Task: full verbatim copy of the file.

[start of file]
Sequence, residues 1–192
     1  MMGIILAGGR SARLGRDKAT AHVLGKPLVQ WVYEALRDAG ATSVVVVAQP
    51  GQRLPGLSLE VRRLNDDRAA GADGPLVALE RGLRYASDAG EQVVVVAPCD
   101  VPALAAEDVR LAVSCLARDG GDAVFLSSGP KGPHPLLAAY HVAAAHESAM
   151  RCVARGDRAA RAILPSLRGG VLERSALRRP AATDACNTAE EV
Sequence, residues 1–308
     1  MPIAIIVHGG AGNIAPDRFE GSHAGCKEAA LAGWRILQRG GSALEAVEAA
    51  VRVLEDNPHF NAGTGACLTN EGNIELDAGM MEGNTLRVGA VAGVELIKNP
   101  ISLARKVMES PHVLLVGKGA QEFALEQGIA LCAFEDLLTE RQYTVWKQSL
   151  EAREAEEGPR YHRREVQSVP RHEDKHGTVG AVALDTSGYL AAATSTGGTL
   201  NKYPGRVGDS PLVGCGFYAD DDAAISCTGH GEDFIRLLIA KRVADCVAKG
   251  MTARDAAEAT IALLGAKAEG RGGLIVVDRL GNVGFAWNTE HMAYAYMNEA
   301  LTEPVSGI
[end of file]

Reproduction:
Sequence, residues 1–192
     1  MMGIILAGGR SARLGRDKAT AHVLGKPLVQ WVYEALRDAG ATSVVVVAQP
    51  GQRLPGLSLE VRRLNDDRAA GADGPLVALE RGLRYASDAG EQVVVVAPCD
   101  VPALAAEDVR LAVSCLARDG GDAVFLSSGP KGPHPLLAAY HVAAAHESAM
   151  RCVARGDRAA RAILPSLRGG VLERSALRRP AATDACNTAE EV
Sequence, residues 1–308
     1  MPIAIIVHGG AGNIAPDRFE GSHAGCKEAA LAGWRILQRG GSALEAVEAA
    51  VRVLEDNPHF NAGTGACLTN EGNIELDAGM MEGNTLRVGA VAGVELIKNP
   101  ISLARKVMES PHVLLVGKGA QEFALEQGIA LCAFEDLLTE RQYTVWKQSL
   151  EAREAEEGPR YHRREVQSVP RHEDKHGTVG AVALDTSGYL AAATSTGGTL
   201  NKYPGRVGDS PLVGCGFYAD DDAAISCTGH GEDFIRLLIA KRVADCVAKG
   251  MTARDAAEAT IALLGAKAEG RGGLIVVDRL GNVGFAWNTE HMAYAYMNEA
   301  LTEPVSGI